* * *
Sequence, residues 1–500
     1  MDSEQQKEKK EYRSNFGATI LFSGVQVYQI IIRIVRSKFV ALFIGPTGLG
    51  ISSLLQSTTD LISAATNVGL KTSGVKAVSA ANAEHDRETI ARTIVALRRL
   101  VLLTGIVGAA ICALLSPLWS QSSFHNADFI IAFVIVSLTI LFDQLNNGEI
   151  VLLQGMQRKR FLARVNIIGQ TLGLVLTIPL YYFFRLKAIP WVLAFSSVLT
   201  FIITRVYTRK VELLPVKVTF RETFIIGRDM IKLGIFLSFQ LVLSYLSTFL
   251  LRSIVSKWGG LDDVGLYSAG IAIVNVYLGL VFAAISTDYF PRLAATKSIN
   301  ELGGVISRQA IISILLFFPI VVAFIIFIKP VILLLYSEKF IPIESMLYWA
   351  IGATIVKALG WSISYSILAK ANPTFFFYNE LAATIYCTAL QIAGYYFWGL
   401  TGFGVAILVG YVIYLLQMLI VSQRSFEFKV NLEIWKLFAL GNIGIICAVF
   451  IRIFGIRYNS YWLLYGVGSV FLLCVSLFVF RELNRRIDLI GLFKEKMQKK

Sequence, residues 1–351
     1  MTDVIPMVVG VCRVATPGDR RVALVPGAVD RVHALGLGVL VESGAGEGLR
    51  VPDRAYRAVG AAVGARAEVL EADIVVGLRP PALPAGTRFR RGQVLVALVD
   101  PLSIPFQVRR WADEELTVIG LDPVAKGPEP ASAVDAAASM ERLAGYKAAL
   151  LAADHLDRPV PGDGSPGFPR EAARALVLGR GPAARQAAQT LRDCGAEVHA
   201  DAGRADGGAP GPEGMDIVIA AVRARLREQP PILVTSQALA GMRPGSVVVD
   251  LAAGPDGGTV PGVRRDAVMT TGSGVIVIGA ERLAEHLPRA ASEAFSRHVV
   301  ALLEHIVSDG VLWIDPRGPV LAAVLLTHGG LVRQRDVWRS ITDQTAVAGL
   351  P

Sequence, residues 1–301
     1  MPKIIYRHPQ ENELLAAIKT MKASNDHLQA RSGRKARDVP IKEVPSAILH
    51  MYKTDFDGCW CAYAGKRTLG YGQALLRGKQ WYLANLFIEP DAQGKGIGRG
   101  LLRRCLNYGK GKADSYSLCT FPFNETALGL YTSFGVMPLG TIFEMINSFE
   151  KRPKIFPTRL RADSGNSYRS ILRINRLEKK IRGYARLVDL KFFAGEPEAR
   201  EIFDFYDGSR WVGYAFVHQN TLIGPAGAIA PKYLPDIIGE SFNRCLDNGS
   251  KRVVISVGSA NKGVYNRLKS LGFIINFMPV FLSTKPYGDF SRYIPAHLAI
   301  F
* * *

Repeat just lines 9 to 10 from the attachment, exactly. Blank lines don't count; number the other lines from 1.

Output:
   351  IGATIVKALG WSISYSILAK ANPTFFFYNE LAATIYCTAL QIAGYYFWGL
   401  TGFGVAILVG YVIYLLQMLI VSQRSFEFKV NLEIWKLFAL GNIGIICAVF